It is three months after shipping. You may have moved on to something else, but you’re eager to figure out if this worked and that it drove the expected results. It’s nagging you. You’re curious. You schedule a talk to the whole engineering team (100+ individuals) to share your learnings. What do you present?
Beat the Feature Factory: Run Pre-cap Design Studios
John Cutler

So there’s this guy named Phil Tetlock — a political scientist — whose research describes two modes of thinking in groups: confirmatory thought vs. exploratory thought.

Tetlock says that almost all of the arguments we make are one-sided attempts to rationalize our point of view — that is, we typically engage in only “confirmatory thought.”

“Exploratory thought,” he says, is much more rare. It’s an even-handed, more systematic and self-critical approach, less likely to jump to premature conclusions, and more likely be revised in response to evidence.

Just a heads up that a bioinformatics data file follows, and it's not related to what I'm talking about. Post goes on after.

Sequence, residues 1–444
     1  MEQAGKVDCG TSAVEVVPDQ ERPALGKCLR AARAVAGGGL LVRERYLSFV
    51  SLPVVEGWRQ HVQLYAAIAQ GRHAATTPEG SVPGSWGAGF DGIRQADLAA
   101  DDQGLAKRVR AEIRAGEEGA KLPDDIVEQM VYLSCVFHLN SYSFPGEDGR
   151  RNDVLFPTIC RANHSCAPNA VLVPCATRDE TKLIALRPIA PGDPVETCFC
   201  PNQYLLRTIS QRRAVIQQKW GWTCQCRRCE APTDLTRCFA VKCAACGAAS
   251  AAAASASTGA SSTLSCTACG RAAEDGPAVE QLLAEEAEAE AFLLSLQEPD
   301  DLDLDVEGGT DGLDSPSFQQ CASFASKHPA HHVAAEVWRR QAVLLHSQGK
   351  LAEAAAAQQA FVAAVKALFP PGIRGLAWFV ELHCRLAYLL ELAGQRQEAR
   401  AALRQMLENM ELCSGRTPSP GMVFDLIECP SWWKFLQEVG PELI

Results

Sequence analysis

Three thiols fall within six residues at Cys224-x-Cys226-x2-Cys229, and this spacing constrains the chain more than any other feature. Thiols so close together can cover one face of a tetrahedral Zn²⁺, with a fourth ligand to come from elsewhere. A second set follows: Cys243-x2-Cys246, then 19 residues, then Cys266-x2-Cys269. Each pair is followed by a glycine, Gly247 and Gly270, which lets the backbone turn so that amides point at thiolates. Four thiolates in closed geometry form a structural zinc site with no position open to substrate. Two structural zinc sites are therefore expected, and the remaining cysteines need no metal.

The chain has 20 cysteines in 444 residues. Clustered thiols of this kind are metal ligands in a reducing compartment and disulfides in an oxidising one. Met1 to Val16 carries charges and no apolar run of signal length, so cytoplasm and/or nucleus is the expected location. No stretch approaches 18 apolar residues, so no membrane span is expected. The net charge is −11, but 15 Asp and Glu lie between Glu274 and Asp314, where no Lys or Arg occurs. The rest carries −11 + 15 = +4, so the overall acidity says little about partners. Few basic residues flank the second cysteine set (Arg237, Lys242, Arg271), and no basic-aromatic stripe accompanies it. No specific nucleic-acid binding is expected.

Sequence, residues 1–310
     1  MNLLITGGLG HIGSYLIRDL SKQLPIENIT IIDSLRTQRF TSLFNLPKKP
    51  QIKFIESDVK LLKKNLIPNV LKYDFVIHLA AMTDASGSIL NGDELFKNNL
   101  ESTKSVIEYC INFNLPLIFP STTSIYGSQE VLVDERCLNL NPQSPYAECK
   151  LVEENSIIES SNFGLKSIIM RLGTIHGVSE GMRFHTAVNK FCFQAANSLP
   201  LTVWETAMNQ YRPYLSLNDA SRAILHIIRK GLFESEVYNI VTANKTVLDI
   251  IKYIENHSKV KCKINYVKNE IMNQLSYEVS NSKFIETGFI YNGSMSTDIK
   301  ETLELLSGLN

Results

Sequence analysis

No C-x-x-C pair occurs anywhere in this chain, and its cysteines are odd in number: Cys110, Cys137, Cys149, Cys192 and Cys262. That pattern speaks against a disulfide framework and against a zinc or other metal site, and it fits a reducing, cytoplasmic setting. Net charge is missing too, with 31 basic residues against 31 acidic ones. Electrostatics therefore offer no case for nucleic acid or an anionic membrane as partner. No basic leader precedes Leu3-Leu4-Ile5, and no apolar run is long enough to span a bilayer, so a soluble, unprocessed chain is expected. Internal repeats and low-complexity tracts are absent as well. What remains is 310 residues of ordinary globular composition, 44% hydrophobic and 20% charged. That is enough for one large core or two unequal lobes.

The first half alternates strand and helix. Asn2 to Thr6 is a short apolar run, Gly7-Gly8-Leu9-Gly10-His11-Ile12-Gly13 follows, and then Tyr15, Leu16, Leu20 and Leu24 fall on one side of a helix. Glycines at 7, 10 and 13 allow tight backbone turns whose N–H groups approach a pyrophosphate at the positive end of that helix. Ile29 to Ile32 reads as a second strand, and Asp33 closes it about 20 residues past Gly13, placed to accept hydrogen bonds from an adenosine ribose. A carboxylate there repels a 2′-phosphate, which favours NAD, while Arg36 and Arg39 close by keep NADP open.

This proposal you wrote sounds like it might induce exploratory thought. Tetlock argues this mode of thinking is rare because it only occurs when three conditions are true:

  1. decision-makers learn before forming an opinion that they will be accountable to an audience
  2. the audience’s views are unknown
  3. they believe the audience is well-informed and interested in accuracy

Imagining a presentation to the whole team that would share future learnings sure feels like it could create all three of those conditions.

(Hope I didn’t hijack what you meant here, but I love your proposal and Tetlock’s stuff felt like a nice link.)

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